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3 common reasons people initiate a probate lawsuit

On Behalf of | Feb 24, 2023 | Probate & Estate Administration

Most probate hearings simply function as part of the technical process of estate administration. The courts review paperwork and sign off on important transactions to help ensure compliance both with state law and the wishes of deceased individuals.

Sometimes, though, probate court hearings occur because someone has filed a lawsuit or otherwise made a contentious claim related to probate and/or the estate administration process. Disputes can arise for a variety of different reasons. Challenges related to the contents of someone’s estate plan or will contests are among the most common forms of probate litigation that occur. Individuals who are related to someone who has died may claim in probate court that there is something wrong with their testamentary documents. These are just some of the reasons why people initiate probate litigation.

1. They suspect undue influence

Sometimes, family members or professional caregivers will abuse a position of authority for personal gain. They may abuse, coerce or manipulate an older adult into making adjustments to their estate plan for personal benefit.

Especially when there are drastic last-minute changes that primarily benefit a caregiver, families may want to challenge an updated estate plan by raising claims of undue influence.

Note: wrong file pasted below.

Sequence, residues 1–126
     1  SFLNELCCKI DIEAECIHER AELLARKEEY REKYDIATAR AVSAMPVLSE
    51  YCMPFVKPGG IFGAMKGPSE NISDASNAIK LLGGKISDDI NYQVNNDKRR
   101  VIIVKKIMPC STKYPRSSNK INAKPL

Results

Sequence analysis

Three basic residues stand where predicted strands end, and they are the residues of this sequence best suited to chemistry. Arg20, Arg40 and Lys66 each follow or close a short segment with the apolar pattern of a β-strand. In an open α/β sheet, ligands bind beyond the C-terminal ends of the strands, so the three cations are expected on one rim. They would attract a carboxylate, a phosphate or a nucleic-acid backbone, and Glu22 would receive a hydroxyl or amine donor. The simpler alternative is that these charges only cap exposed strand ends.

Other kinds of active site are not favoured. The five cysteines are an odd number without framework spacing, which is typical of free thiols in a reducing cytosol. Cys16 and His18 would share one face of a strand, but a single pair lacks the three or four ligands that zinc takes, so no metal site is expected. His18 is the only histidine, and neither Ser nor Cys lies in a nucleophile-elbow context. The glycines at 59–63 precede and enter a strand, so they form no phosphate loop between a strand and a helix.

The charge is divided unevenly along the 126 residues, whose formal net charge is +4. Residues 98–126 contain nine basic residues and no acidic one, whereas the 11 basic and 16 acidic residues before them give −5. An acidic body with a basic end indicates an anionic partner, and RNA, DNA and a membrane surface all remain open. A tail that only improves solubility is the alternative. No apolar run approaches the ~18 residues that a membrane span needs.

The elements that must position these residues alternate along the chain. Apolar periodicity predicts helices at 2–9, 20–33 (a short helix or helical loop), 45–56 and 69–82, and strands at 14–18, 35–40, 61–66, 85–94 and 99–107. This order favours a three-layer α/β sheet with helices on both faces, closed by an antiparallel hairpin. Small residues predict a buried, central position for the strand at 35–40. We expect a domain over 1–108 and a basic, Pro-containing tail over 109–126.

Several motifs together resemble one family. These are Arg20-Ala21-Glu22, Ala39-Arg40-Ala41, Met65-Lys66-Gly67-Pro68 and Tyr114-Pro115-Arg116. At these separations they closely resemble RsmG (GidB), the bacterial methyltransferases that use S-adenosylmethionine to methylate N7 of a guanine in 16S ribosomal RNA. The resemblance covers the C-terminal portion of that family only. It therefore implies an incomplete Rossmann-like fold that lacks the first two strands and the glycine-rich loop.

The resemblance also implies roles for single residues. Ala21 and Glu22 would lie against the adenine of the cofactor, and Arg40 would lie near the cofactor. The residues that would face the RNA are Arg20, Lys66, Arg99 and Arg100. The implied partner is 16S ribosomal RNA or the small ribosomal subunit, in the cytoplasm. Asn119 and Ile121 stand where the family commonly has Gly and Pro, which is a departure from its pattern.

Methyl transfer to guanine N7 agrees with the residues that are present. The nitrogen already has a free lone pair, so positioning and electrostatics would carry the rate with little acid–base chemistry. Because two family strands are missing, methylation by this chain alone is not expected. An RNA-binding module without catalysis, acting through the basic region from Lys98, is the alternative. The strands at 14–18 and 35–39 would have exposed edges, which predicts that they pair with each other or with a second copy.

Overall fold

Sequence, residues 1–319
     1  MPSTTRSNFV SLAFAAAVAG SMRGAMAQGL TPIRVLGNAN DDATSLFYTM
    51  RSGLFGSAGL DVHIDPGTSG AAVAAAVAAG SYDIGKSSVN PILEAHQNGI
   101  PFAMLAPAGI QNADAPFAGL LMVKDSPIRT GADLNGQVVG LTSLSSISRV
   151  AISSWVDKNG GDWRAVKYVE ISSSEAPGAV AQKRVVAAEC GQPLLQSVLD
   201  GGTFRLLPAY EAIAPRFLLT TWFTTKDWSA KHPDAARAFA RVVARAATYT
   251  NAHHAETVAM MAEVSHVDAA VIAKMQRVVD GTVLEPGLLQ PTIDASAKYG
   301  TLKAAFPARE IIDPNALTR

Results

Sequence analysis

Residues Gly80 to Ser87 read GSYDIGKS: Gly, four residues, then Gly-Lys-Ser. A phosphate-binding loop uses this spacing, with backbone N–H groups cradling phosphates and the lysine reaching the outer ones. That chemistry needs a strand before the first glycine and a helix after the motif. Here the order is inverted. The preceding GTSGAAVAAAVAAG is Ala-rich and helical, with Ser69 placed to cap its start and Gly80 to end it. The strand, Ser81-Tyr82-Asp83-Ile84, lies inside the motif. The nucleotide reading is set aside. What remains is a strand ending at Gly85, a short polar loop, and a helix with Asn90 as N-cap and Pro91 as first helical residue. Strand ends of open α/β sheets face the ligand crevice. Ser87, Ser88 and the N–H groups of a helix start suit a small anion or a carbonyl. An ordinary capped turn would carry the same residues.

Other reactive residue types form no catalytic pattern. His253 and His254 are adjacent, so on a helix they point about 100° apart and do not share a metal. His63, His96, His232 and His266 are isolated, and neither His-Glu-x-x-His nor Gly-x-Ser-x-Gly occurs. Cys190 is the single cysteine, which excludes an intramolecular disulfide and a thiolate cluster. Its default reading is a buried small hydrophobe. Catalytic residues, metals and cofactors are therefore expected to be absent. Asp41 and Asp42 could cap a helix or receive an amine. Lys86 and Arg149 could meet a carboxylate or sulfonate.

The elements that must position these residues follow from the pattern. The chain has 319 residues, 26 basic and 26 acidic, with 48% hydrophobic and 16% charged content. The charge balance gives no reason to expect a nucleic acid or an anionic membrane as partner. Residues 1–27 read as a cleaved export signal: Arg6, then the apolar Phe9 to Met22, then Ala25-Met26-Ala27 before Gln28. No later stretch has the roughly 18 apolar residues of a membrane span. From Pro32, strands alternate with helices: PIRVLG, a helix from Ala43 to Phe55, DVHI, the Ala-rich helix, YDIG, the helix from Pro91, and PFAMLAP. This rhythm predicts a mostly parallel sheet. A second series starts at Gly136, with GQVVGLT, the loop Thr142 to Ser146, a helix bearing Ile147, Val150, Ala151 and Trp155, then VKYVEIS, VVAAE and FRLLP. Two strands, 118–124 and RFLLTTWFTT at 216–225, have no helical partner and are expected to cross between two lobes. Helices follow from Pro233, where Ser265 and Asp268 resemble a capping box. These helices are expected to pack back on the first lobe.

2. They have concerns about fraud

There are numerous forms of fraud that could lead to inappropriate probate outcomes. For example, someone might alter estate planning documents or replace one page in the document with a fraudulent page of their own creation.

There could also be situations in which someone tricks another party into changing their estate plan in a way they would not have otherwise. Questions about the legitimacy of estate planning documents or the possibility of manipulation of the testator might lead to a will contest.

3. They have questions about someone’s capacity

To create a valid and enforceable will, the testator needs to be an adult and needs to be of sound mind. Those under the influence of drugs or alcohol, struggling with certain mental health disorders or experiencing cognitive decline due to age may no longer have the ability to create legally-binding estate planning documents.

When someone is concerned that estate-related documents are inaccurate or invalid, they may feel compelled to challenge the documents in probate court to uphold what they believe to be is the intended legacy of the testator. Understanding common reasons for probate litigation can help those with questions about a complicated estate situation make more informed decisions about the circumstances they’re facing.


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